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Sunday May 3, 2009

Wet is hot

Water. Three-quarters of the world are covered in it. Nine-tenths of our lungs are made of it. And for those who live and breathe fashion, water is literally about to become ‘It’.

OF all the planets in our solar system, ours alone is covered in a life-giving, liquid blanket of blue. It is out of these depths that Abyss, Proctor & Gamble’s biggest fashion trend predicted for 2009/10 emerges.

Abyss is an immersive experience that celebrates water as the new gold, and a sense of preciousness that is heightened by scarcity. It is mysterious, enigmatic and attractive. Abyss invites exploration and rewards it with rare treasures from the deep. You’ll recognise it in wet textures and finishes, in sensual undulations that soothe the eye and phosphorescent glints that catch it.

Which all sounds very well conceptually, but how does that silver-tongued eloquence translate to fashion - to colours, couture and coiffure?

StarMag found out from P&G’s global trend experts - Bruce Grayson and Sam McKnight - at the unveiling of Abyss in Kerala, India, where the beauty company recently held its regional beauty trends seminar.

With a bit of random braiding, “Fresh Hair” (one of veteran hairstyling superstar Sam McKnight’s key looks for 2009-2010) becomes “Deep Texture”.


Alongside the obvious hues of blue (peacock, aqua, ultramarine) Abyss’ colour palette includes purple (twilight lilac, aubergine), green (emerald, jade), grey (oyster, slate) and deep-sea black. Embellishments include pearlised glows and fish-scale glitters.

The look has been spotted on catwalk shows by Calvin Klein (Spring/Summer 2009 Ready-to-Wear, Urban Mermaid); Monique Lhuillier (S/S 2009 RTW); Jason Wu (Autumn/Winter 2009 RTW); and Andrew Gn (A/W 2009 RTW).

It has also been worn on red carpets by Queen Latifah (midnight blue gown, white beading), Kate Winslet (polished slate gray), and Anne Hathaway (shimmering silver, mermaid cut) at this year’s Academy Awards, and Freida Pinto (undulating waves of periwinkle blue) at the recent Screen Actors Guild Awards.


“Don’t be afraid of colour,” encourages celebrity make-up artist Bruce Grayson, Academy and Emmy Awards make-up department head and personal make-up artist to Tom Cruise, Katie Holmes, Brittany Murphy and the Clintons.

Below are his tips on how to apply the intense colours of Abyss without looking like a clownfish.

Keep blues translucent and focus on one element

With Abyss, this tends to be the eyes. “A dark blue, a blue-black almost, will work on most people. That’s a given,” Grayson says. “With lighter shades of blue, you have to be more careful - they’ll usually work on darker skin tones. Powder blue works on lighter skin tones, if you remember the famous shot of Marilyn Monroe.”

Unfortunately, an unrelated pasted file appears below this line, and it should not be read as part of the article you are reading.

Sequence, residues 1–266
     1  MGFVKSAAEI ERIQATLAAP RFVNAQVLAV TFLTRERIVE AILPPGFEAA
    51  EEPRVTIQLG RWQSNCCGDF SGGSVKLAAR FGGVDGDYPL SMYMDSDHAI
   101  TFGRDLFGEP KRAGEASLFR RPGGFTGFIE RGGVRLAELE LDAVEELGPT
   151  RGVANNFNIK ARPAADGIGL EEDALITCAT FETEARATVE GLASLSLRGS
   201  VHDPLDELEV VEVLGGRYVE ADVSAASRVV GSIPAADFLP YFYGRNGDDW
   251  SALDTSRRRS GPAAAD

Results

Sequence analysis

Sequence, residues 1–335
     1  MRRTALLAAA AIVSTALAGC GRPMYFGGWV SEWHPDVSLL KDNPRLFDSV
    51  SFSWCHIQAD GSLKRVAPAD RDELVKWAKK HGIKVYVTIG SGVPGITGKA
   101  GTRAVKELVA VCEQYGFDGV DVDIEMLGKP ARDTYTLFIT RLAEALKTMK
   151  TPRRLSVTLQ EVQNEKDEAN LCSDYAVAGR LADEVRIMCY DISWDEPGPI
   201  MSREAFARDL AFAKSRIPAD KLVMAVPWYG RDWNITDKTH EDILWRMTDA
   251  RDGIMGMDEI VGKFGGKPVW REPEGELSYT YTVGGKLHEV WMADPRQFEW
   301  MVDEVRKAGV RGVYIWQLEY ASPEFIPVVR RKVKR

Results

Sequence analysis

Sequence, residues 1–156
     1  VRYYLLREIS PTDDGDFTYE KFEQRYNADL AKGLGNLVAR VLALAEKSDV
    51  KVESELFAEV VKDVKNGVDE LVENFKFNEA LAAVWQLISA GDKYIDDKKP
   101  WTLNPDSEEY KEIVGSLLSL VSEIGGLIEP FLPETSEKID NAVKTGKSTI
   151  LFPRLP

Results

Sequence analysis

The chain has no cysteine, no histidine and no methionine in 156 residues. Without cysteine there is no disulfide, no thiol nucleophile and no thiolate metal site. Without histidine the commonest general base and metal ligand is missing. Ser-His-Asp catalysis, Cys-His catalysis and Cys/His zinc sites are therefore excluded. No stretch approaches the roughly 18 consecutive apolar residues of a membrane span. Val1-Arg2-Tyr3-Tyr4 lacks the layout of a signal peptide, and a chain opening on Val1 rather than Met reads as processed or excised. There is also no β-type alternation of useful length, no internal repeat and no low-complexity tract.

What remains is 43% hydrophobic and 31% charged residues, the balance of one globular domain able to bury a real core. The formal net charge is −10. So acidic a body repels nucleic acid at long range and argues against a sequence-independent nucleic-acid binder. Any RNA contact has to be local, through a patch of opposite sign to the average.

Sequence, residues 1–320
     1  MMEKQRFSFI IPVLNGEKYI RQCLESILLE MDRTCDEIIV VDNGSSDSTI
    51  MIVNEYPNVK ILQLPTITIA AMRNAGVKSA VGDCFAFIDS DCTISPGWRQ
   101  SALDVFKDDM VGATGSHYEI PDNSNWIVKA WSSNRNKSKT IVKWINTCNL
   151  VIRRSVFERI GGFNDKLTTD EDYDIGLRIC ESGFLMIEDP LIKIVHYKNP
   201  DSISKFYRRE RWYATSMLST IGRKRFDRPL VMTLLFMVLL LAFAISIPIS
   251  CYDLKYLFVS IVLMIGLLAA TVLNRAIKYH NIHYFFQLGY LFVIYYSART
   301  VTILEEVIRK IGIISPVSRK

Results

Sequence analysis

Minimal black that is blended and refined

“Black is a colour we all have. It really is the UN (United Nations) colour,” says Grayson. “Use it as a very thin line or just use mascara - sometimes two coats of mascara will create that perimeter at the circumference of the eye.

“Sometimes I use a grey or black under a blue eyeshadow to give it intensity. It’s not something you can just learn overnight, but those kinds of make-up (referring to red-carpet looks), the drama, were built by layering those kinds of colours.”

Let the shine sell the make-up

Retain shine strategically at the high part of the cheekbones, the bridge of the nose, and on the high curves of the forehead (not necessarily on the brow bone) with selective powdering. Add movement to the eyelid with micro-glitter by placing it on the centre of the eyelid so that it flashes as the eye rotates under it.

“There is also the element of hydration,” Grayson adds. “If the skin’s in good shape, if you’re drinking enough and using skincare that allows you to create a water barrier, then you can create what I call hydro-luminous skin.”


The key to applying the intense colours of Abyss without looking garish is to go for translucency.

This season, says Sam McKnight, hair wants to look like itself, like “something you’re wearing, not something that’s wearing you”. That means looser, more casual looks with a light touch, adds the superstar hairstylist (he’s worked closely with photographers like Steven Meisel and Richard Avedon, models like Gisele Bundchen and Kate Moss, and celebrities like Madonna, Nicole Kidman and Cate Blanchett) and veteran of 70 Vogue covers.

He has named three of these looks Fresh Hair, Deep Texture and Tumbling Cascades.

Fresh Hair is about long, flowing glossy locks that are clean, well cut and cared for, maybe popped into large Velcro rollers for a bit of body. “It’s not the wash and wear hair of the 80s and 90s,” says, McKnight, but “a nice, simple finish that will bring you into 2010.”

Fresh Hair becomes Deep Texture by adding waves and crimps for multiple texture. To achieve this, apply a hold product to dry hair and braid sections of hair (thick and thin) randomly. Set with heat, cool, release and organise into the desired shape. Don’t try this on wet hair as it won’t dry or hold the kinks.

Tumbling Cascades is about curls that bounce and shine with a lighter-than-air quality. “When you put a wave into dark hair, it picks up the light.” To achieve this, you need to persevere and master the art of setting your hair in curlers. Learn to use your wrists like Jerry Hall, advises McKnight. “She’s been putting her own in curlers for the last 300 years!”


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